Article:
Mixed Feelings: Ten Women Talk About Their Own Experience of Pregnancy and Abortion (1980)
This source, Mixed Feelings: Ten Women Talk About Their Own Experience of Pregnancy and Abortion, was produced by the Brent Against Corrie Pamphlet Group in January 1980. It includes first-hand accounts from a number of women who had had an abortion, or were considering having an abortion during the 1970s.
The Brent Against Corrie Pamphlet Group was part of the broader National Abortion Campaign (NAC) in the UK, which was founded in 1975 with a central demand of access to free and safe abortions for all women. Indeed, this particular pamphlet was among many different publications at the time, campaigning against the 1979 Corrie Bill, which was put forward by Conservative MP John Corrie. The bill attempted to reduce the time limit of an abortion from 24 weeks under the 1967 Abortion Act, to 20 weeks. It also proposed a restriction for the grounds of the procedure, so that a woman seeking abortion would have had to prove her life was in ‘grave danger’, or that there was a ‘substantial’ risk of ‘serious’ injury to her mental or physical health. There was considerable opposition to the Corrie Bill, particularly amongst those involved in the Women’s Liberation Movement (WLM), and the NAC organised a mass demonstration against the bill in London on 28 October 1979, in which it is estimated that between 45,000 and 60,000 people marched from Hyde Park to Trafalgar Square. In March 1980, the Corrie Bill was defeated, however the fight for access to free and safe abortions was far from over.
Many of the women included in the pamphlet talk about their interactions with doctors in various medical institutions throughout the abortion procedure. Some women, such as Maggy, Jane, and Jill, point out that the doctors they encountered were especially preoccupied about the contraception that they were using at the time. As Maggy recalls, ‘I felt at fault for being pregnant’, while Liz also explains how she was seen as ‘irresponsible’ for getting pregnant. As well as this, Jill’s account highlights her doctor’s attitude towards giving her an abortion, saying that ‘he made it clear, though, that he would not be happy about repeating the favour [of abortion] were I to become pregnant again.’ Although we cannot be sure, it appears that Josephine is the only black women out of the ten featured in the pamphlet. Albeit minor, the inclusion of Josephine’s experiences emphasises the differences within the feminist movement in terms of attitudes towards campaigns for abortion. She remarks that ‘a lot of black people see abortion as a white thing’, and briefly outlines how she was subject to both sexism and racism, adding a crucial perspective to this pamphlet, given the mostly white nature of the WLM.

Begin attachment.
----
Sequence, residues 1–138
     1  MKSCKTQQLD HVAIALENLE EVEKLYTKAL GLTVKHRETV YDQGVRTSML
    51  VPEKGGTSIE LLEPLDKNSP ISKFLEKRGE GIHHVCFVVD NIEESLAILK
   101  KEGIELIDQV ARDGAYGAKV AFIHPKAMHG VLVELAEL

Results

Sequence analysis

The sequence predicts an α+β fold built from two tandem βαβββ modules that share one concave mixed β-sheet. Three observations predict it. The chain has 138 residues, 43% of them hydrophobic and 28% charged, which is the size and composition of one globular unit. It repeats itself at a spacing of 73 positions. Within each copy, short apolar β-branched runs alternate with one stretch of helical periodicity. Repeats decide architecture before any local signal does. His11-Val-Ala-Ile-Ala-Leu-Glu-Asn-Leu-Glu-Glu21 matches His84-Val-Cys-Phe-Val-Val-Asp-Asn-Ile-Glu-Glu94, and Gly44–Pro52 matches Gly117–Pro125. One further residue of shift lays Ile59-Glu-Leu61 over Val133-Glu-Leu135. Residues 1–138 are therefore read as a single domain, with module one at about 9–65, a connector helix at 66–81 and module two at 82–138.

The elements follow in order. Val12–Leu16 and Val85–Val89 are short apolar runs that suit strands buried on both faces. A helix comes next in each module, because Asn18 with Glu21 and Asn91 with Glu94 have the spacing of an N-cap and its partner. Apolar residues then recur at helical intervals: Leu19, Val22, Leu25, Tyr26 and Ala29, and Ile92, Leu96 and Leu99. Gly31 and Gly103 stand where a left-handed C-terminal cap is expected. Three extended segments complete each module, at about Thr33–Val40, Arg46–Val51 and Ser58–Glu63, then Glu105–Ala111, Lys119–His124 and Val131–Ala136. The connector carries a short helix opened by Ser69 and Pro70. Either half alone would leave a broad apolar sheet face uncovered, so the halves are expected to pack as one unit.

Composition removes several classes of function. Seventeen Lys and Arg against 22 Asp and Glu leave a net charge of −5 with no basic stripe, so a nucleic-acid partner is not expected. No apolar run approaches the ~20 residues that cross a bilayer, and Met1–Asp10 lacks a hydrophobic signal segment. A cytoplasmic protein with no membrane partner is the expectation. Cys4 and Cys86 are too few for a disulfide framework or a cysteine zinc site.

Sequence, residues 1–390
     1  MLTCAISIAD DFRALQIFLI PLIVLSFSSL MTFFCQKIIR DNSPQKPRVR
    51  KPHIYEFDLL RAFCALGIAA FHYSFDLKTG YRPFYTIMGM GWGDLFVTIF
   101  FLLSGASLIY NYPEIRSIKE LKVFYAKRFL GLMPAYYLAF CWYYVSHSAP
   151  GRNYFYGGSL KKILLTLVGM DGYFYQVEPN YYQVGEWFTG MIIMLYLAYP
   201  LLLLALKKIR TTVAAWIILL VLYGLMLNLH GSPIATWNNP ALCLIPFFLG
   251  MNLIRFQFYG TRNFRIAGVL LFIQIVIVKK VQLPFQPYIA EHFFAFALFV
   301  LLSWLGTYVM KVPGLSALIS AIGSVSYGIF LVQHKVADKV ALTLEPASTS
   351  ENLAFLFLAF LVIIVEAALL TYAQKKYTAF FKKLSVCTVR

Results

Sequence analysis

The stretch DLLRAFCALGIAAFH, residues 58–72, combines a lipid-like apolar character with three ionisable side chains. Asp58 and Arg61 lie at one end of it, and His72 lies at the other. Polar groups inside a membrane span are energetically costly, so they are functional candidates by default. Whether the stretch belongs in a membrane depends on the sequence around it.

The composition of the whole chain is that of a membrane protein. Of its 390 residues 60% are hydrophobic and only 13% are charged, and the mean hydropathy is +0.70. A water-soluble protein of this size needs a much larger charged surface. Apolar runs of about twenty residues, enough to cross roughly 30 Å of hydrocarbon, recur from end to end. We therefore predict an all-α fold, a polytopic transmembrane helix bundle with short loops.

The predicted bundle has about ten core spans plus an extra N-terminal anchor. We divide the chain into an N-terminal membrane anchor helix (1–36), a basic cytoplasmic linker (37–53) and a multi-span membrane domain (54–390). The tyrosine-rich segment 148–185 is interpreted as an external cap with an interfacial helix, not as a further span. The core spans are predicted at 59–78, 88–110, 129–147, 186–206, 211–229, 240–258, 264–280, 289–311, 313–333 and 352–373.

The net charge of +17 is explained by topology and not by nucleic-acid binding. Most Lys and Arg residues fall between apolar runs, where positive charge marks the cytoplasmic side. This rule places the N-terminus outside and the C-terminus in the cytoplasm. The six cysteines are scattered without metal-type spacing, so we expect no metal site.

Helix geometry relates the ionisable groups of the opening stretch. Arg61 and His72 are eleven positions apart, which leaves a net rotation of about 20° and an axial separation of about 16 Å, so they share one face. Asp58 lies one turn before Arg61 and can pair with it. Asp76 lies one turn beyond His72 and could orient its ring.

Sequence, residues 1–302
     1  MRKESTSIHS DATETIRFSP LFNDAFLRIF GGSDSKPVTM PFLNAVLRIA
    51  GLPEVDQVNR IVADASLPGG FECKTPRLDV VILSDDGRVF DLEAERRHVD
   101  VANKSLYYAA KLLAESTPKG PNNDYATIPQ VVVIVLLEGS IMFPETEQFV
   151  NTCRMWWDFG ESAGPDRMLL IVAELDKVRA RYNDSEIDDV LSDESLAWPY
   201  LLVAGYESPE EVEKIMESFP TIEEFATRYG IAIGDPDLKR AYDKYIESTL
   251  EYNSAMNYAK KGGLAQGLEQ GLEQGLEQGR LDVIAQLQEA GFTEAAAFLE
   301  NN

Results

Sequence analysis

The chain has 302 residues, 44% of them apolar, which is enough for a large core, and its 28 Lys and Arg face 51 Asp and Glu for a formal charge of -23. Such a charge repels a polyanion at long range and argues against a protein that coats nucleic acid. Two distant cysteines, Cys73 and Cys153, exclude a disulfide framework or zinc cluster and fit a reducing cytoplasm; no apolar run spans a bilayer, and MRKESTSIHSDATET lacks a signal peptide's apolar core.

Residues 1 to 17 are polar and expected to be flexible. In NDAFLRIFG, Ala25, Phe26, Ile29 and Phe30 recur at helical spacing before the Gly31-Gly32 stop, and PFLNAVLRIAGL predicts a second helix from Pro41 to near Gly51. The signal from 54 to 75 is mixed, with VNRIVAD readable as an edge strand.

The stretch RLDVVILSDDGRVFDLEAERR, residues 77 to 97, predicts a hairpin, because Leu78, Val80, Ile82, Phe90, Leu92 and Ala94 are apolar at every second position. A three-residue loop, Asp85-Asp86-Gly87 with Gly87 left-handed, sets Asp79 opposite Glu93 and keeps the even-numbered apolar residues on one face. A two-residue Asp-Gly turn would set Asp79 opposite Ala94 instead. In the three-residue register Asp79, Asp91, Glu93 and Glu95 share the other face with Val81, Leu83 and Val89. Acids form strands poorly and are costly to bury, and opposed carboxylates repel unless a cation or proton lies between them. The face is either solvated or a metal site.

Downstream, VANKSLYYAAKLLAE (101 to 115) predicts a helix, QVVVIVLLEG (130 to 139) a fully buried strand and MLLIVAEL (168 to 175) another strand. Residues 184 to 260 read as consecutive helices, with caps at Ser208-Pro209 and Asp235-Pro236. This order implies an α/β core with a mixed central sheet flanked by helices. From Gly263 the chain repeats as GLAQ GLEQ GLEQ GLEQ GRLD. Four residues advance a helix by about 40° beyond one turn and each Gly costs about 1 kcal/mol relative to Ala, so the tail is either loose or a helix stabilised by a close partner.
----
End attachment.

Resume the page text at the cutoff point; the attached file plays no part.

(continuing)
Overall the pamphlet is informative, allowing us to gain an insight into the ways in which different women were treated, and the advice given to them, upon seeking an abortion. It is an extremely useful source for anyone looking at the history of the reproductive rights movement as a whole, or at the various campaigns of the WLM in the ‘second-wave’ of feminism.
Looking for more sources?
Elsewhere, other contemporary sources regarding the topic of abortion, and other feminist campaigns can be found online. The Spare Rib archive includes a plethora of articles, while the Feminist Review has both contemporary journal articles, and more recent academic works on the subject. As well as this, the Wellcome Library has a large digital collection of sources and posters about abortion.
For the wider historiographical debate surrounding abortion and reproductive rights in ‘second-wave’ feminism, see historians such as Jennifer Nelson, Stephen Brooke, Wendy Kline, and Natalie Thomlinson.
Written by Kezia Pugh